Electrons in insulating materials may be transferred by friction. For example, rubbing a glass rod with fur transfers some electrons from the fur to the rod. In a similar way, separating the two pieces of tape in Investigation 18C caused some negative charge to transfer from one tape to the other. The tape losing the negative charge became slightly positive and the one gaining the negative charge became slightly negative. With the tapes, you observed that uncharged objects in the room attracted both pieces of tape!
How does an object attract both positively and negatively charged
pieces of tape?
To answer the question, assume you have a negatively charged glass rod and you bring it near an uncharged metal sphere. Electrons nearest the rod are repelled—creating a slight excess of positive charge in the metal near the rod. The excess positive charge causes the rod to be attracted to the metal! With a glass rod the force is too small to feel but the attraction is strong enough to visibly bend a charged piece of tape. This is an example of electrostatic induction, which occurs when a charged object causes charges to rearrange on a different object.
Induced polarization in dielectric materials
The explanation above applies to how electrostatic induction works in conductors, materials in which the electrons are free to move around.
In nonconductive or dielectric materials, such as a balloon or Styrofoam™, the electrons are tightly bound to the atoms or molecules and are not free to move around.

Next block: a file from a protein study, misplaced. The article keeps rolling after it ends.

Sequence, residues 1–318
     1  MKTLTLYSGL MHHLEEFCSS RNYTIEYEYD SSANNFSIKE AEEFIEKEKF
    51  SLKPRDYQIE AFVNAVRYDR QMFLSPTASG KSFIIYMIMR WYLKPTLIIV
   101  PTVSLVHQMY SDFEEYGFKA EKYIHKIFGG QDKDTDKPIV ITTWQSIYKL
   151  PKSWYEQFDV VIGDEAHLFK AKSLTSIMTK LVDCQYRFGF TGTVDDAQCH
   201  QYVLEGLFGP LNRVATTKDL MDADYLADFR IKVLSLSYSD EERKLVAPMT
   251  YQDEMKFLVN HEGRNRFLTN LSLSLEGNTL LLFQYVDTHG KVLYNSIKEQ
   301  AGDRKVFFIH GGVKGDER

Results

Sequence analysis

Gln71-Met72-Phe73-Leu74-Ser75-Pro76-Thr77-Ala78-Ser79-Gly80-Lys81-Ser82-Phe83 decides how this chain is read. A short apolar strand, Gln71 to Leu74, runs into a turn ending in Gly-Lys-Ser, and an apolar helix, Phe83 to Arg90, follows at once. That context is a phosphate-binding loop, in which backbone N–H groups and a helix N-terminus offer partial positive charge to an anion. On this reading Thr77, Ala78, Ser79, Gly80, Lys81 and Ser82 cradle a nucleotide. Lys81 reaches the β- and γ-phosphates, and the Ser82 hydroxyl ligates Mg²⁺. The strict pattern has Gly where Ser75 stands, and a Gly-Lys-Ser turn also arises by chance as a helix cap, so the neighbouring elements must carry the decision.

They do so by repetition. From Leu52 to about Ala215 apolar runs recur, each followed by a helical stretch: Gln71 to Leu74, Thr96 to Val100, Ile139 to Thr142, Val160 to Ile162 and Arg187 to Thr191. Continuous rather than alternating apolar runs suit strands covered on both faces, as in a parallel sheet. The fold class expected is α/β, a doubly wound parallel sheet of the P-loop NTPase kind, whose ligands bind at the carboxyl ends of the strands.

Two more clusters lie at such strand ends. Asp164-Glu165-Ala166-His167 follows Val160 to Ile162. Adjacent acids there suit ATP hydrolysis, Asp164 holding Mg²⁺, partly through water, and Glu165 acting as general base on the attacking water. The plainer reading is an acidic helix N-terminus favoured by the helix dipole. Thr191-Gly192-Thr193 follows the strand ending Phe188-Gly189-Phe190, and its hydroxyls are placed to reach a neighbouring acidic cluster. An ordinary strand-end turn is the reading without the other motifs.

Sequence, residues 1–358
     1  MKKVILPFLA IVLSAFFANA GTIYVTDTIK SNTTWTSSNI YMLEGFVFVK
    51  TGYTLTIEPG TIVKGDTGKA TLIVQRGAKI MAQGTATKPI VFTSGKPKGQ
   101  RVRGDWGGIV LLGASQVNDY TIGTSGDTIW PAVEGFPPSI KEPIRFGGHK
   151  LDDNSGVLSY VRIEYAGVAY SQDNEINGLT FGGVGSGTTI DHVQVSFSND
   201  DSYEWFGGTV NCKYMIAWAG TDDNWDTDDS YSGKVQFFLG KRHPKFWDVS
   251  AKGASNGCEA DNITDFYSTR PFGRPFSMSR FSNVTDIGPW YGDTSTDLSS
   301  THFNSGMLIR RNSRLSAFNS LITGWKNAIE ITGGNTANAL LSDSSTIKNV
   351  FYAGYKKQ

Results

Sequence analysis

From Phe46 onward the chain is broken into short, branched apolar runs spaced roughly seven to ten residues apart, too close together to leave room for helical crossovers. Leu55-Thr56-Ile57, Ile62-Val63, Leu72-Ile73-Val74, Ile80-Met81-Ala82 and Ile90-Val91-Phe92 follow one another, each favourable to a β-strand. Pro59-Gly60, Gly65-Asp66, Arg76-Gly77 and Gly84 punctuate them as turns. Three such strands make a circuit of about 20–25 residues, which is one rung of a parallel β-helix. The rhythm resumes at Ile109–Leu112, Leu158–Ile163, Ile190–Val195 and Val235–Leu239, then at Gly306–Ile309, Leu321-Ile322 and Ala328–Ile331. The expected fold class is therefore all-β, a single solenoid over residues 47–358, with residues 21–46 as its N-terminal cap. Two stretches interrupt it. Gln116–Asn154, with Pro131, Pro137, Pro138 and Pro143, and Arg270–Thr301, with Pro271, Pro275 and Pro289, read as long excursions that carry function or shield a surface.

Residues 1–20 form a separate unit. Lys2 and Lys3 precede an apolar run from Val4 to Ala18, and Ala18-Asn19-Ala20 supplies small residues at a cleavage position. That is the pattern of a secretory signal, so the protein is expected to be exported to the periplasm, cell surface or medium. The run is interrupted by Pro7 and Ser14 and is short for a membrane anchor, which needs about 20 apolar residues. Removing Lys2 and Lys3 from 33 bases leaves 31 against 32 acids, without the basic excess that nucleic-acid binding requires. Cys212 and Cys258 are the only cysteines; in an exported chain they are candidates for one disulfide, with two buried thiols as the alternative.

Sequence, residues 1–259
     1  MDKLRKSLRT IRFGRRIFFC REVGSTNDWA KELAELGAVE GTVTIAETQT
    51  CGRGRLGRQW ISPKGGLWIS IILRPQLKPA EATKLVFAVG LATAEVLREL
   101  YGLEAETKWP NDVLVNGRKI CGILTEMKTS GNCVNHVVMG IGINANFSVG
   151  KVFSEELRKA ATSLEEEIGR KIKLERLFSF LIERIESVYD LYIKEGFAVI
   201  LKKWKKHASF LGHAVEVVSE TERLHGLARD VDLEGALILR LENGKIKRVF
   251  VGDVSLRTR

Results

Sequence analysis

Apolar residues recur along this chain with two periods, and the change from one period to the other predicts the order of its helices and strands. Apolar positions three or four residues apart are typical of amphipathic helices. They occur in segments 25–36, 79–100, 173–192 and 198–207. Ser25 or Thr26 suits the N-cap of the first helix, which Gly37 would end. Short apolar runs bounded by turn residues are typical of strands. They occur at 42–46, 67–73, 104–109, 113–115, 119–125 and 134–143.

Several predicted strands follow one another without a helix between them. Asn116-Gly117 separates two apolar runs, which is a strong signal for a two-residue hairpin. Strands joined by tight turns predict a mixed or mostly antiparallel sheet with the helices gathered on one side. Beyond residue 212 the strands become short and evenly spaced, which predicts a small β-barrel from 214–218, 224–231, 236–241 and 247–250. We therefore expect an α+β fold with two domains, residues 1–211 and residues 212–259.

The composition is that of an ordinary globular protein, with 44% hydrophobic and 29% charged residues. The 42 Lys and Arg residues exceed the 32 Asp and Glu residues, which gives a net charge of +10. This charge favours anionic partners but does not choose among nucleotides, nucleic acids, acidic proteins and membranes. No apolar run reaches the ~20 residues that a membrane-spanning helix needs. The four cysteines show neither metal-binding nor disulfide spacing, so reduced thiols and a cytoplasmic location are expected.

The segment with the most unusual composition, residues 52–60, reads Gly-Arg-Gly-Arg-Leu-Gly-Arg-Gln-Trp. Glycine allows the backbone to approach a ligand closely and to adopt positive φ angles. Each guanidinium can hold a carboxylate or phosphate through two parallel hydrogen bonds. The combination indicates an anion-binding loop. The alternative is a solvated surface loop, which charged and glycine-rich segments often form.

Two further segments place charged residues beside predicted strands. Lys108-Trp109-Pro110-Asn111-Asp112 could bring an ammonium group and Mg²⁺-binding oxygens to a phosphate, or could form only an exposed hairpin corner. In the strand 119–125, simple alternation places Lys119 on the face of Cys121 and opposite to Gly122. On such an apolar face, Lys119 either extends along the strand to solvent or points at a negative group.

In these materials, the electrons can move slightly within the molecules—moving to the near side of the molecule or to its far side—in response to the outside electric charge.
This is a microscopic form of polarization of the molecules that creates a similar effect to electrostatic induction in conducting materials.
Detecting electric charge with an electroscope
An electroscope is a sensitive instrument that uses electrostatic induction to detect electric charge. In Figure B below, a positively charged rod is brought near a neutral electroscope. Negative charges are attracted toward the rod by induction, leaving a net positive charge on the leaves. The lightweight leaves spread apart because they have similar charges.
Charging an electroscope
If the rod touches the electroscope briefly (C) some of the charge is transferred to the electroscope. The electroscope becomes charged and its leaves stay spread apart. The leaves of a positively charged electroscope come closer together when a negative charge is near the electroscope (D). The leaves spread farther apart when a positive charge comes near. The charged electroscope can be used to determine whether an external charge is the same or opposite to the object that originally charged the electroscope.
Test your knowledge
How can you use an electroscope to detect electric charge?
When an electroscope is in a neutral environment, the leaves hang flat together. If a charged object is brought near it, the leaves will spread apart.
If a positively charged rod were brought near the sphere, the charges in the sphere would rearrange themselves—but this time bringing the negative charges near the rod.
The rod would still be attracted to the sphere!